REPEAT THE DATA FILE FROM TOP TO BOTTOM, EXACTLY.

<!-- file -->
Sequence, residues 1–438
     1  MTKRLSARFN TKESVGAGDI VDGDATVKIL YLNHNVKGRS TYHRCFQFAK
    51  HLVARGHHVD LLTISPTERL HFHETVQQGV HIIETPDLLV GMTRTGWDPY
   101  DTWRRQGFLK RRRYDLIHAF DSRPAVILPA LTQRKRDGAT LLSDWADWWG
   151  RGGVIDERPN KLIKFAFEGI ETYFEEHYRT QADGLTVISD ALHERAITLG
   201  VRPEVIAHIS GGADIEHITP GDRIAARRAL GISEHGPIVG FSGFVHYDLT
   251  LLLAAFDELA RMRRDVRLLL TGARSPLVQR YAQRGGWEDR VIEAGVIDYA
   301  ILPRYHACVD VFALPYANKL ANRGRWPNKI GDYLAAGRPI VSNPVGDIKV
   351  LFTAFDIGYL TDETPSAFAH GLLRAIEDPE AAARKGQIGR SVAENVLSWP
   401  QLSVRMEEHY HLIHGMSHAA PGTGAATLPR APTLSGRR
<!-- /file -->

Sequence, residues 1–438
     1  MTKRLSARFN TKESVGAGDI VDGDATVKIL YLNHNVKGRS TYHRCFQFAK
    51  HLVARGHHVD LLTISPTERL HFHETVQQGV HIIETPDLLV GMTRTGWDPY
   101  DTWRRQGFLK RRRYDLIHAF DSRPAVILPA LTQRKRDGAT LLSDWADWWG
   151  RGGVIDERPN KLIKFAFEGI ETYFEEHYRT QADGLTVISD ALHERAITLG
   201  VRPEVIAHIS GGADIEHITP GDRIAARRAL GISEHGPIVG FSGFVHYDLT
   251  LLLAAFDELA RMRRDVRLLL TGARSPLVQR YAQRGGWEDR VIEAGVIDYA
   301  ILPRYHACVD VFALPYANKL ANRGRWPNKI GDYLAAGRPI VSNPVGDIKV
   351  LFTAFDIGYL TDETPSAFAH GLLRAIEDPE AAARKGQIGR SVAENVLSWP
   401  QLSVRMEEHY HLIHGMSHAA PGTGAATLPR APTLSGRR